Over the late Spring Bank Holiday weekend, St Catharine’s parish in Frome celebrated the 50th Anniversary of their current church being opened with a Flower Festival. This was also an opportunity for the parish to reach out to wider community as part of the Year of Mission and HOPEFrome’s Year of Hope.
A steady stream of visitors came to view the fabulous arrangements which filled the church and celebrated the life of the parish. Every window was filled by a display created by a different group in the parish including both St Louis’ and St Augustine’s schools. There were also arrangements on the Sanctuary, Baptistery, porch and Blessed Sacrament Chapel, all of which had a special link to the community and its history. Almost every pew had a pew end created by individuals and families.
Among the main displays was one created with flowers from Mells Manor garden given by The Earl and Countess of Oxford to celebrate the link between St Dominic’s chapel in the grounds of the Manor and the parish. They were displayed in the Blessed Sacrament Chapel which had been given by the parish when the church was built in 1968 to remember Mgr Ronald Knox who completed his famous Biblical translation at the Manor in 1948.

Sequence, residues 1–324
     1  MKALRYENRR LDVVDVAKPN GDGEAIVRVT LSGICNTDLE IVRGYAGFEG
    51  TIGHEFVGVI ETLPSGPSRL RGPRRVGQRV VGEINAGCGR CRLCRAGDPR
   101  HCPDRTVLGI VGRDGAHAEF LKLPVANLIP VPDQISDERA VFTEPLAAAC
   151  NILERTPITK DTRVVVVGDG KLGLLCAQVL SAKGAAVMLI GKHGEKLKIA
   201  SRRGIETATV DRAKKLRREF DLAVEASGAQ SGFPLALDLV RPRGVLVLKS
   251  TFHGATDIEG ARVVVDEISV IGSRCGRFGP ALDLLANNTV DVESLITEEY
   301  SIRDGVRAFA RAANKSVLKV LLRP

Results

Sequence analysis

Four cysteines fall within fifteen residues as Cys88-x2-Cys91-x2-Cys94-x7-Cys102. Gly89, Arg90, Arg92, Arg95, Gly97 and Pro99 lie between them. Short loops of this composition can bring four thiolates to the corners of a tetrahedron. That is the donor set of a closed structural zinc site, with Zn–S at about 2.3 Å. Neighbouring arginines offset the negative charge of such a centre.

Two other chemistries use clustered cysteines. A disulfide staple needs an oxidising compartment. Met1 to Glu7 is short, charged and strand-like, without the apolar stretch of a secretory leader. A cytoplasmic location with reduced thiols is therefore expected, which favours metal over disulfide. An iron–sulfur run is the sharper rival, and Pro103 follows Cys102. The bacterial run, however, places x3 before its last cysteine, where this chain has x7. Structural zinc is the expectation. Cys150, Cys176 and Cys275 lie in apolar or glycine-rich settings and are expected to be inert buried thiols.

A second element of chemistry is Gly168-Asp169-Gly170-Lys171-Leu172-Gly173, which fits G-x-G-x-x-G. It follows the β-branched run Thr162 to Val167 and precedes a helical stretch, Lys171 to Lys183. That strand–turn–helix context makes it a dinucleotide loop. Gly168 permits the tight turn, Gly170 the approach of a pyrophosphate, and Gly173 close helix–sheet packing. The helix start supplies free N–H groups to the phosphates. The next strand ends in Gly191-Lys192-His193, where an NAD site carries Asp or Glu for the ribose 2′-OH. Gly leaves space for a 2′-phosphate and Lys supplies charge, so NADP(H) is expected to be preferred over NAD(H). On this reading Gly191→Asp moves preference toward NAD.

A display next to the statue of St Joseph, patron of the Universal Church, contained the national flags and flowers of all 28 nationalities represented in the congregation, while the altar was adorned with an arrangement which contained a wheel to celebrate the parish’s Patron Saint.
Everyone who visited the church over the weekend was very complimentary about the work which had gone into all the arrangements by everyone involved and there were many comments that the church had never looked as beautiful.
Those who had been creating the displays said that one great thing which had happened that as people worked hard to make their displays on the Friday, a real sense of community could be felt. People who had never talked before were chatting and sharing tips and building relationships especially between the communities who attend the different Masses within the parish.
All in all, it was a very worthwhile exercise both in celebrating the parish but in developing it as a community. Deacon David Brinn who had organised the festival was asked several times when the next one would be which was a sign of how successful it had been. So, in 2020 the parish will once again be transformed for another flower festival. Watch out Chelsea Flower Show!